The federal government's recommendations to address cybersecurity risks target critical infrastructure industries such as utilities, but the voluntary standards can help any company potentially mitigate legal liability from data breaches or other cyber threats.
The U.S. Department of Commerce's National Institute of Standards and Technology's final framework for improving cybersecurity provides a flexible guide that is not unduly specific, experts say.
The guidelines released last month responded to President Barack Obama's executive order a year ago, citing “repeated cyber intrusions” that are “one of the most serious national security challenges we must confront.”
In another move regarding cyber threats, U.S. Attorney General Eric Holder last week called on Congress to establish a national standard to alert consumers whose information gets exposed by cyber breaches. Experts say it would be a major challenge to implement such a standard since there are 46 differing state laws on the issue.
Meanwhile, “the NIST standards are definitely a step forward because they're so broadly applicable and they're a standard set up by the government,” said Tom Reagan, New York-based large-risk underwriter of breach response insurance at Beazley P.L.C. The framework looks beyond prevention to how to respond to data breaches, he said.
“It's helpful that they're taking a risk-based approach, rather than imposing any kind of an inflexible and uniform set of standards that applies to all in the same manner,” said Oliver Brew, New York-based vice president of professional liability at Liberty International Underwriters, a unit of Liberty Mutual Holding Co. Inc.
With this federal cybersecurity framework, “an organization can ask itself a set of questions and start to see where they are,” where they aspire to be and “what they need to do to get there” to protect against cyber risks, said Toby Merrill, Philadelphia-based vice president of Ace Professional Risk, a unit of Ace Ltd.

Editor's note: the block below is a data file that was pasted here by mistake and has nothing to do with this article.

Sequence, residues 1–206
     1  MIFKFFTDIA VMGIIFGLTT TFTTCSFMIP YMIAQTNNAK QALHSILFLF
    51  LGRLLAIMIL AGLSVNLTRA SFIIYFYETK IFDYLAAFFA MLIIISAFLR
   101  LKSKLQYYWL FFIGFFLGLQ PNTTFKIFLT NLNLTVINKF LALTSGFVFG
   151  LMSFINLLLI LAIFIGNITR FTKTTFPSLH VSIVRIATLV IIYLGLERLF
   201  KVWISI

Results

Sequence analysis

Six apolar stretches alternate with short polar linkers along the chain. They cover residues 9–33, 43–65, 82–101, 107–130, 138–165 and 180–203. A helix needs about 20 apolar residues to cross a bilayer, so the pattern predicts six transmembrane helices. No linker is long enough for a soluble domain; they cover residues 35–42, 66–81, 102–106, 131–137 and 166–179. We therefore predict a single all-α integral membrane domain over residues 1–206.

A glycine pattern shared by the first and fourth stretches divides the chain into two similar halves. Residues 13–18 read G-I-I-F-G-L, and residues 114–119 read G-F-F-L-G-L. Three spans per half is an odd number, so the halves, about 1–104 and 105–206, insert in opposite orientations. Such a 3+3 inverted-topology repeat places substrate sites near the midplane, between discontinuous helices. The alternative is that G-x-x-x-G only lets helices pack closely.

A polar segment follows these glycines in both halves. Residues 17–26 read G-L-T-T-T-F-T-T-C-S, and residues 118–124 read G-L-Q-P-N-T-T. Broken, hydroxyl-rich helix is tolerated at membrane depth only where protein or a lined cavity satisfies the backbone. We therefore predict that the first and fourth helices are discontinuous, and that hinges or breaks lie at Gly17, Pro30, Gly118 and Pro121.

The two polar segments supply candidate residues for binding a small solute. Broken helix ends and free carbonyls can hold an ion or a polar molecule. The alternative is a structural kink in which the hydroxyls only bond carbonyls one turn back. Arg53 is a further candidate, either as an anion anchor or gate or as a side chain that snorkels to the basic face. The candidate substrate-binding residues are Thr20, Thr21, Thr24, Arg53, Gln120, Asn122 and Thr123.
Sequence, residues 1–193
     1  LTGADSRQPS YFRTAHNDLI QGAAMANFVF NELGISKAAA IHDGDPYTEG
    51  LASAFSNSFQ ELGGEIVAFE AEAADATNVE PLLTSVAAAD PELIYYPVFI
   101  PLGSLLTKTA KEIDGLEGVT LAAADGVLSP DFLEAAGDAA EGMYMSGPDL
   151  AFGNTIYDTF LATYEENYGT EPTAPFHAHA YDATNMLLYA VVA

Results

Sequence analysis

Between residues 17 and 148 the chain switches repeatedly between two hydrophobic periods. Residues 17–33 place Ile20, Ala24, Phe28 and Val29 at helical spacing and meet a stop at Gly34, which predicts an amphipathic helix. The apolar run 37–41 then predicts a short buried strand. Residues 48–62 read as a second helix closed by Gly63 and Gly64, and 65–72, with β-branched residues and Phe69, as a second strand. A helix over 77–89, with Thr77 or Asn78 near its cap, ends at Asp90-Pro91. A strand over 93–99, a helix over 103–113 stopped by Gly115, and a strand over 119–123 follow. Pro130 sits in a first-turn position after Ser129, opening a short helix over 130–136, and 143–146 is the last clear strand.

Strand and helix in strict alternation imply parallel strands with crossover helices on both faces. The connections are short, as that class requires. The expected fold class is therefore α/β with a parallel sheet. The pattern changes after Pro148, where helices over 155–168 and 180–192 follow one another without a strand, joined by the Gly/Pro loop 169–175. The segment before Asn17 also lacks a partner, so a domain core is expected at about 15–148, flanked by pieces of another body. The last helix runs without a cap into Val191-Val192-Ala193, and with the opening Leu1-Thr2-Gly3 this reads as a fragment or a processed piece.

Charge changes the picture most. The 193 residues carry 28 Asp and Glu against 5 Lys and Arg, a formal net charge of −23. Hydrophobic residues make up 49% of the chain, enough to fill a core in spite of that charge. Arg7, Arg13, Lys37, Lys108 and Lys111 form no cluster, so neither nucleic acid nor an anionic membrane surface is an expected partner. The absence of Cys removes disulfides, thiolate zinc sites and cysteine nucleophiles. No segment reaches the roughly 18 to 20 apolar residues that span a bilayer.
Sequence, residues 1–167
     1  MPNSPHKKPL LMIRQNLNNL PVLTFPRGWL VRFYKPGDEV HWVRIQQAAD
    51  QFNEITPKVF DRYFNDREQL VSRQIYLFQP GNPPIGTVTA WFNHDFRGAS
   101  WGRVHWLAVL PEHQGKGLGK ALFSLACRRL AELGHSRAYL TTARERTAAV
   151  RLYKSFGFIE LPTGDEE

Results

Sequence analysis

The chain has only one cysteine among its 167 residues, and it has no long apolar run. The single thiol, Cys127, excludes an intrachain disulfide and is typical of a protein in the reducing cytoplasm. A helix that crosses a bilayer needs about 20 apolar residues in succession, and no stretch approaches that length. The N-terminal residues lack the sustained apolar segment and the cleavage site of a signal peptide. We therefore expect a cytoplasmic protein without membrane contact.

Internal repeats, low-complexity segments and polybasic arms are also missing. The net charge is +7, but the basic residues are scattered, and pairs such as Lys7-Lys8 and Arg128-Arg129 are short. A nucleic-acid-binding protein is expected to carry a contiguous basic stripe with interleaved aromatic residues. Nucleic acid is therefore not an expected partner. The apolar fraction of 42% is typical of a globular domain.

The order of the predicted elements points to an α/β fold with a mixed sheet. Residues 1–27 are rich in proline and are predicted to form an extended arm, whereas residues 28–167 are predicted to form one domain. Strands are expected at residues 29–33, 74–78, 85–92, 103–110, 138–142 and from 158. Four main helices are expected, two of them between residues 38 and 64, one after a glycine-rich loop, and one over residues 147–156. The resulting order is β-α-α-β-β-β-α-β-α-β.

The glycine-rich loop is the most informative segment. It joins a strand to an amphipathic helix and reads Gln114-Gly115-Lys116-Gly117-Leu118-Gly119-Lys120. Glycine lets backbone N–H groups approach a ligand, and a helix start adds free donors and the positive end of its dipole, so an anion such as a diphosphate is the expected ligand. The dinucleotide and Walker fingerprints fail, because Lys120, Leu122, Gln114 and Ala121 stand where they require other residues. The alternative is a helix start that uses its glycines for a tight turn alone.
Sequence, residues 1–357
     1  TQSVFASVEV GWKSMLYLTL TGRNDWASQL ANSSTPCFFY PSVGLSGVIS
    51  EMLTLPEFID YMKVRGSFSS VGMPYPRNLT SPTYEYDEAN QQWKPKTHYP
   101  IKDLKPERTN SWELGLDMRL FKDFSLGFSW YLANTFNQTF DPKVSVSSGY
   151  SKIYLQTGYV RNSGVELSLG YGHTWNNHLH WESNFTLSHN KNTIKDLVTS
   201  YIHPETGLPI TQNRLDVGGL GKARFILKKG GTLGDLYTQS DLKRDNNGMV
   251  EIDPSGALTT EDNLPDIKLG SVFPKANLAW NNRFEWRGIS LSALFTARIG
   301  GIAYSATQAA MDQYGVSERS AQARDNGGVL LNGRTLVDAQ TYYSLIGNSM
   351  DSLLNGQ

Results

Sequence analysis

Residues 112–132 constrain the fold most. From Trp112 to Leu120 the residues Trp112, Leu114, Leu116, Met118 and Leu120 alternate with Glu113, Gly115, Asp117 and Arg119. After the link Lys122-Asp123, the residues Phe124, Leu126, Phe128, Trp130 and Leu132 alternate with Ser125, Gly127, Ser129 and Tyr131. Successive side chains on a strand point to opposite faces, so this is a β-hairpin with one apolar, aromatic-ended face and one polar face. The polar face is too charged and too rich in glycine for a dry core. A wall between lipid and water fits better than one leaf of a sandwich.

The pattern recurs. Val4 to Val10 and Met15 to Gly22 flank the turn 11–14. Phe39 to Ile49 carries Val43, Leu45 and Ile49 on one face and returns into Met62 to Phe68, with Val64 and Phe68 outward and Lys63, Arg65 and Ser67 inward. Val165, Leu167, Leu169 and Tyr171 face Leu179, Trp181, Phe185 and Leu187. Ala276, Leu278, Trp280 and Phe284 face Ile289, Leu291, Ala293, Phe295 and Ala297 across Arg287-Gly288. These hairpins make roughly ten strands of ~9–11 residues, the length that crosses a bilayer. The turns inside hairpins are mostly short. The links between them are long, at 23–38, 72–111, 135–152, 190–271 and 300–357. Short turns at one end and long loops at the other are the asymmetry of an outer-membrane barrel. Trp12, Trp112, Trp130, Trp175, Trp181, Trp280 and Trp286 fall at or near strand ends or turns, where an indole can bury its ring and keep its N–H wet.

It provides guidelines for companies to look at their cyber security structure critically, said Joe DePaul, managing director of cyber risk services at Arthur J. Gallagher Risk Management Services Inc. in Parsippany, N.J.
Ben Beeson, a London-based partner at Lockton Cos. L.L.P., said the NIST standards will help insurance buyers “get their arms around what is a very tricky new area of risk.”
The U.S. Department of Homeland Security in particular “has done a really nice job in engaging” in a dialogue with the insurance industry regarding the cybersecurity standards, said Catherine A. Mulligan, senior vice president and head of specialty errors and omissions at Zurich North America.
Experts say noncritical infrastructure firms also should adopt the NIST framework.
For companies that have made “a significant effort” to meet the government's recommendations and then have a data breach, courts are unlikely to find them negligent, said Richard J. Bortnick, a shareholder at law firm Christie, Pabarue & Young P.C. in Philadelphia.
George Allport, Warren, N.J.-based vice president and worldwide product manager for financial institution bond products at Chubb Corp., said while many organizations may not consider themselves part of the critical infrastructure, they may in fact be a smaller contractor dependent on such a firm. In the cyber world, “you have no way of knowing if you're below the radar,” he said.
Some experts think insurers will use the federal recommendations to evaluate risks in their cyber policy underwriting.
“I could see insurers using this as a yardstick,” said Michael R. Overly, a partner at Foley & Lardner L.L.P. in Los Angeles.
The NIST framework “will increase the need for insurance because it'll clarify a cybersecurity standard of care that more companies will have to fulfill,” said Matt McCabe, New York-based senior vice president at Marsh L.L.C.'s network security and privacy practice.
“I see this also as a period of almost a unique opportunity to have the insurance industry take a leadership role in driving the voluntary compliance,” said Alan E. Brill, senior managing director of secure information services at New York-based Kroll Associates Inc.
While the NIST framework may help insurers understand a company's cyber risk profile, this will not necessarily be transmitted directly into the underwriting process, Mr. Allport said.
Kevin Kalinich, Chicago-based global practice leader for cyber risk insurance at Aon Risk Solutions, said insurers generally price cyber coverage based on companies' business and size. Audit standards for cyber exposures also already are available, but insurers do not always use them in underwriting, he said.